Because there's so much text here, I've added some slides of some of the architects we ought to think about. Those people who have, in fact, constituted the foundation of black architecture in this country. So we know that there are 100,000 architects, and we're going to get into some more detail here around that. Hopefully it will be discussed in further detail tomorrow. There are about 33,000 folks in our architecture schools, and we'll get to that number in a moment.
But of the 200,000 people who declared themselves to be architects, roughly 20% are women, a little bit less than 3% are African-American, nearly 6% are either Hispanic or Latino. It's hard to count Hispanics and Latinos because of self-declaration issues. Roughly 6% are Asian, 3% say that they are American Indian. So technically, as among those who declare themselves to be architects, about 15% are so-called people of color. In NCARB, the licensing body at this point, reports about 101,000 licensed architects.
Part of the difficulty that we have in this profession is that there's no central database from which one can draw information that tells you what the real number is because, in fact, NCARB, the national licensing body, draws its information by calling around to all of the state licensing bodies, and since many architects are registered in more than one state, there isn't a way at this moment of getting one definitive number on the total number of licensed architects.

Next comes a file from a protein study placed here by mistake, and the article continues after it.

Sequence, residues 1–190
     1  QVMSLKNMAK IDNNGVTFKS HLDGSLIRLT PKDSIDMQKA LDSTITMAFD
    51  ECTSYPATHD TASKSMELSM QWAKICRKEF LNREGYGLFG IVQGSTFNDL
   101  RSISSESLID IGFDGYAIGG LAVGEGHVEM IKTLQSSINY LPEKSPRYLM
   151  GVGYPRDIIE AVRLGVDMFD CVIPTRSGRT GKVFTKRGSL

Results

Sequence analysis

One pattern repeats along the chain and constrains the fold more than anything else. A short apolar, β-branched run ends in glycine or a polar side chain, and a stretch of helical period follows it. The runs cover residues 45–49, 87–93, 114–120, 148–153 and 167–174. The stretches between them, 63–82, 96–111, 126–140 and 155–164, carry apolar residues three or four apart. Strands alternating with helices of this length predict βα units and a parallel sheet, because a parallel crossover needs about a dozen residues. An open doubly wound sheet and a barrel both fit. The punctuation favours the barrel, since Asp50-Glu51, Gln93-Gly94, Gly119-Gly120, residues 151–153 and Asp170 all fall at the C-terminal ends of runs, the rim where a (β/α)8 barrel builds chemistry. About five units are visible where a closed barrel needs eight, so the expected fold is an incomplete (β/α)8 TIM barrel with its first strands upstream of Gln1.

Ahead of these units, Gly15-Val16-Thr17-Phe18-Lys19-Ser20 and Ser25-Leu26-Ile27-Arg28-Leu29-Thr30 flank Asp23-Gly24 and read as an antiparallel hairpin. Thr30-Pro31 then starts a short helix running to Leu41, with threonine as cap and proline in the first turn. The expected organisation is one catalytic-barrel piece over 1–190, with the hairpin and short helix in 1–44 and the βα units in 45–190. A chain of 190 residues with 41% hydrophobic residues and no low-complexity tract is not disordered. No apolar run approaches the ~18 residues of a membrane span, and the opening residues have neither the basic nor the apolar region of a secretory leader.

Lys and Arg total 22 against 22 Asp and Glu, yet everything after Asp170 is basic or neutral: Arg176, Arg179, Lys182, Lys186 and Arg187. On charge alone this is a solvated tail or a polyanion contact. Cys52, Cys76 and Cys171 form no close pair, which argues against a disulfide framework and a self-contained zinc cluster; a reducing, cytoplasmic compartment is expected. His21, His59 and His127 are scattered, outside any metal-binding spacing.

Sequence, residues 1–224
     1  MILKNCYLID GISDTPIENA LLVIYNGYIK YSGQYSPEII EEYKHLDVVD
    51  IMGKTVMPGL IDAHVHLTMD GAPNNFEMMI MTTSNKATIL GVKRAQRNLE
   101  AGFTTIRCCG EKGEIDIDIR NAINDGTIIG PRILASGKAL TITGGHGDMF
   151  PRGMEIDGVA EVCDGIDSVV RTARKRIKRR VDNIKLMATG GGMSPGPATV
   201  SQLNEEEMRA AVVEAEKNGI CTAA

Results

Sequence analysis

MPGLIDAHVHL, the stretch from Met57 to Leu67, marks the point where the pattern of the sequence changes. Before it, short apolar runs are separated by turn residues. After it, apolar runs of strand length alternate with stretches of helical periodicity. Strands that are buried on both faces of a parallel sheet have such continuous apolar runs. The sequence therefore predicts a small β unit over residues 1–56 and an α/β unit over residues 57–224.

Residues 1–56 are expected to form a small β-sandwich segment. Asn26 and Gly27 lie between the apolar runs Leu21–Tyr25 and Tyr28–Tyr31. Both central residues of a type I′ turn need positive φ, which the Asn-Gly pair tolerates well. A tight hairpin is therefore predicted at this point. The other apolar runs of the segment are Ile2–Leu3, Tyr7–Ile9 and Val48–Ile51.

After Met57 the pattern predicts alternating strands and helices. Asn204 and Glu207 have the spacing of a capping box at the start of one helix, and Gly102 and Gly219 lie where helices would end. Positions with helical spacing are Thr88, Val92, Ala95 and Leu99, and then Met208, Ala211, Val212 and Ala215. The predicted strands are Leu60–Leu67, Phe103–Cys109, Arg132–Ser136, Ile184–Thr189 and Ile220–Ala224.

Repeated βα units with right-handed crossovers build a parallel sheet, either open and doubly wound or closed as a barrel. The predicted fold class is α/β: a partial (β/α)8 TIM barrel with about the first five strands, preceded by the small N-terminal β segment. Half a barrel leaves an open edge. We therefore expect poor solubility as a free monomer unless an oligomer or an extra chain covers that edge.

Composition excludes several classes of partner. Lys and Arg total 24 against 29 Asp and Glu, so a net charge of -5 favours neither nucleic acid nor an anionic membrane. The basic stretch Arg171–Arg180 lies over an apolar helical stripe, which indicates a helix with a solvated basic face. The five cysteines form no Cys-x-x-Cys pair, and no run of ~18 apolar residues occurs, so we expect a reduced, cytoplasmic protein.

But of the 80,000 members of the American Institute of Architects, interestingly, only 12% are women, despite the fact that for at least 10, 12, 15 years, half of the students in all of our architecture programs in the country have been women. Only 12% of the members of the American Institute of Architects are women, 2% are Hispanic or Latino, 1.5% are black, 3% are Asian. We also did some surveys a couple of years ago, now, of people who are practicing, but not members of the American Institute of Architects. And interestingly, of those numbers, about 10% are women. Well, you can see the numbers for yourself.